You Can’t Just Look at a Bank Account
“They were able to manage cash flow just from looking at their bank account. But at a certain size, you just can’t do that anymore,” Jensen said. “Growing too fast without proper capitalization can put you out of business.”
Lately, Jensen said he’s seen plenty of demand for his work. He chalks it up in part to a booming economy with lots of growing businesses.
“I’m slammed right now,’” he said. “At least from my perspective, things are going really well. There’s a lot of demand for fractional CFOs.”
Jensen started the business after exiting his previous company, intermural sports business VAVi Sport and Social Club. He ran the company for nearly six years before selling it for well above its initial investment.
Even though he did well, he thought he could have sold it for more if he had a better grasp of finance at the time.
“I probably have added another zero on if I had understood finance,” he said. “I decided I wanted to learn startup finance.”
Jensen sought out a mentor, who had previously served as a CFO, and taught him how to manage finances for an early-stage company. To date, Jensen has worked with about 250 companies.
“You hit three-quarters of a million to a million in revenue, and all of a sudden, you think, ‘oh no, what do I do now? I can’t keep up with this,’” he said. “That’s when I see these companies reaching out to me.”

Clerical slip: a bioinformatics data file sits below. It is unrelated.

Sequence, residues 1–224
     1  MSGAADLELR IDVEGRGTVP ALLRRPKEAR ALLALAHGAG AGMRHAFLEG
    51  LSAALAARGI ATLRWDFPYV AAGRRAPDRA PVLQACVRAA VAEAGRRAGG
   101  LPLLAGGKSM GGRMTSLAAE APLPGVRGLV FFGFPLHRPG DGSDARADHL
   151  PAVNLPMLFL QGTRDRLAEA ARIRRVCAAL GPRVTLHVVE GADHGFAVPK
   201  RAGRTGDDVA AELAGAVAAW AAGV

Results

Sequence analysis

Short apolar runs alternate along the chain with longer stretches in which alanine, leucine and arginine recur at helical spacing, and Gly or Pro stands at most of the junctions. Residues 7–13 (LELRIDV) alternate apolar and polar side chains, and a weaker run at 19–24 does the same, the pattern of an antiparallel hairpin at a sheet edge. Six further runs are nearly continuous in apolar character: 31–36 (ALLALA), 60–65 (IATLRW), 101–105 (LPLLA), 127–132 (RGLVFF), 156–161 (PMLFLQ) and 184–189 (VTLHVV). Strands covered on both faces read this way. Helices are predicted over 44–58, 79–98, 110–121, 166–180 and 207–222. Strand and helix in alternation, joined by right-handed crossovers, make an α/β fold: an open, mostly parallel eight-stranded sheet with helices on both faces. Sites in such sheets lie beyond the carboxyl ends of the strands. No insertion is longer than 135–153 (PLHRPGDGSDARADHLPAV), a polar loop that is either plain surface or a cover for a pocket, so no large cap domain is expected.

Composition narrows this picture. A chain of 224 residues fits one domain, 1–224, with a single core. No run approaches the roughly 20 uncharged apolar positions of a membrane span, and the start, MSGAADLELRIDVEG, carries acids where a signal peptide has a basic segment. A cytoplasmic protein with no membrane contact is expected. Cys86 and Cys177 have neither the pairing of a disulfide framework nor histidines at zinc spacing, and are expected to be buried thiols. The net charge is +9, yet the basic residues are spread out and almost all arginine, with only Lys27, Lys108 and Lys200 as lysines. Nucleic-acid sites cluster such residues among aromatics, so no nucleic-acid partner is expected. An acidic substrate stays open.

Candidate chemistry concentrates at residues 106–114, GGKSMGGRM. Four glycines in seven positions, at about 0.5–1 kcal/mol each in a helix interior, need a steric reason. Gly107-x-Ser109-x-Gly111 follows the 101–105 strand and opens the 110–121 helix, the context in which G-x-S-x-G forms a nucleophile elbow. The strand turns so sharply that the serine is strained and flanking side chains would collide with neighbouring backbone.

James Wheeler started his fractional CFO business, Narrative Financial Management, two year ago. He had previously served as a full-time CFO for a publicly-traded company’s U.S. subsidiaries, and when they sold, he began looking for another position.
Wheeler realized he enjoyed working with multiple companies, and also saw value in his role as an outside adviser. As a fractional CFO, he no longer has a personal stake if a company is seeking a merger or another major change.
“I think there is innate value in candid advice or honest advice,” he said. “I have an opportunity to be creative in how I envision the future. When you do away with that constraint, I think there’s a significant opportunity.”
Wheeler primarily works with companies that make less than $50 million in revenue. He said he has seen a growing demand for his and his colleagues’ services, as the business environment becomes increasingly complex.
Some of that is chalked up to tax law, but it can also stem from how a company chooses to do business. For example, a technology firm may choose to hire a distributed workforce to bring in the best talent, but that also make its finances more complex. And when that company starts bringing in revenues of $5 million to $15 million, wrangling tax and employment law can take a chunk out of the business.
“If you hire a developer in New Jersey, someone in Michigan and someone in Arizona, the multijurisdictional compliance issues around tax and employment law end up being material to your business,” he said. “Changing technology, the competitive landscape, the capital landscape — there’s really a lot to it.”